The second of 10 entry routes for the new Targeted Agricultural Modernisation Scheme (TAMS III) opened this week.

The Animal Welfare and Nutrient Storage Scheme (AWNSS) contains the greatest number of investments, with items ranging from animal housing and slurry storage to fencing, farm roadways and underpasses, along with pasture management equipment and rainwater harvesting investments.

The entry route also contains a number of sheep-specific investments. There are five main animal housing options covered in Table 1 for sheep and goats. These options were available under the previous TAMS II and reference costs have increased by 12% since they were last revised in April 2022.

There are two other housing options included – sheep slats for a new tank in an existing animal area which have a reference cost of €68.28/m2 and replacement sheep / calf slats which have a reference cost of €78.28/m2.

Grant aid is payable at a rate of 40% under the general entry route and at 60% for young trained farmers, eligible women farmers and organic farmers. The investment ceiling is €90,000 for individual applications and €160,000 for registered farm partnerships. Applicants start off on a clean slate in TAMS III and are eligible for the full funding with investments undertaken in TAMS II not carried forward.

Sheep fencing

Sheep fencing options also remain similar and are detailed in Table 2.

There has been no change in the reference figure listed which remains at €6.75/m for the majority of fencing and €8.81/m for fencing erected on mountain lands.

The reference cost is an area farmers hope can be revisited in light of recent discussions on the banning of creosote-treated posts and reports that replacement posts could be significantly more expensive to purchase.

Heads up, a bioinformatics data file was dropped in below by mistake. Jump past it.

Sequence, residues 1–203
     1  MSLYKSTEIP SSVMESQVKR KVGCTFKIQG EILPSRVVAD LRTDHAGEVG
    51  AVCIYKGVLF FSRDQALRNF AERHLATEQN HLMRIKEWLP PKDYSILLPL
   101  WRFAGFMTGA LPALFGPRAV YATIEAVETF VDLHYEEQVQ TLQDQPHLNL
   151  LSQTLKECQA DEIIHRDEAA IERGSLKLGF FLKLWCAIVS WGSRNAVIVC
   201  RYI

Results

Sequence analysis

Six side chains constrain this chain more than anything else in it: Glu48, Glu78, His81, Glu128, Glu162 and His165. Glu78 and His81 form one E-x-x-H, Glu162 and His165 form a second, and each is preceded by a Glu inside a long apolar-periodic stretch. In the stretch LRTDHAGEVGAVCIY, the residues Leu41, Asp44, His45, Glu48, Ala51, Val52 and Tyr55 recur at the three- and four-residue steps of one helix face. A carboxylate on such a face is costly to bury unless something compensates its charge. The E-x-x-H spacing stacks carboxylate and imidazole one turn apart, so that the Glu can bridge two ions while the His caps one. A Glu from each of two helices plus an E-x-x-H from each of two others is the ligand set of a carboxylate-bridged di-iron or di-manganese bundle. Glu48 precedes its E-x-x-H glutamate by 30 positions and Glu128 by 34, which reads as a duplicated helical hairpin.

Gateways are eligible for grant aid where they are erected in a new fence and the reference cost has increased marginally by 5% to €361.04.

This cost covers the cost of a hanging and a receiving post, as a gate cannot be hung on a post that is used to erect wire, the cost of the gate and associated costs of erecting the gate.

The rate of grant aid for sheep fencing is the same as described above for animal housing investments.

Sheep handling equipment

The range of fixed and mobile sheep handling equipment available in TAMS II has been carried forward to TAMS III.

There are some notable changes to take in to account. This equipment now also falls under the Farm Safety Capital Investment Scheme (FSCIS) entry route, which offers grant aid at a rate of 60% compared to the standard rate of 40%.

As such, applicants who are not eligible to apply through the Young Farmer Capital Investment Scheme (YFCIS) or Women Farmer Capital Investment Scheme (WFCIS) should opt for this entry route if they wish to avail of the higher level of funding.

The reference costs have been updated for all fixed and mobile sheep handling equipment investments.

The standout change is a reduction of 15% in the reference cost of a fixed or mobile sheep weighing scales.

A number of other items have seen their reference cost increase by 5% with a fixed handling unit and a mobile sheep batch footbath increasing by 12%.

The reference costs of electronic tag readers have stayed the same since they were first included in TAMS.

Application procedure

Applications must be submitted through the portal in the same manner as previous schemes.

The scheme will continue to operate in a tranche basis, whereby applications will be accepted for a set period of time with that tranche closing and another opening. The first tranche is expected to close on 16 June 2023.

The risk of purchasing and not receiving grant aid lies entirely with the applicant

The terms and conditions outline that there is an opportunity for farmers to purchase certain mobile items subsequent to making an application and prior to receiving approval.

Installation or construction of a non-mobile investment cannot commence until written approval has been issued to the applicant(s).

The risk of purchasing and not receiving grant aid lies entirely with the applicant, with the Department not under any obligation to fund any investments that fail to receive approval either from an ineligible application or the scheme being oversubscribed.

Farmers need to be fully aware of these risks if progressing down this route and it is important that all documentation and relevant specifications are to Department requirements.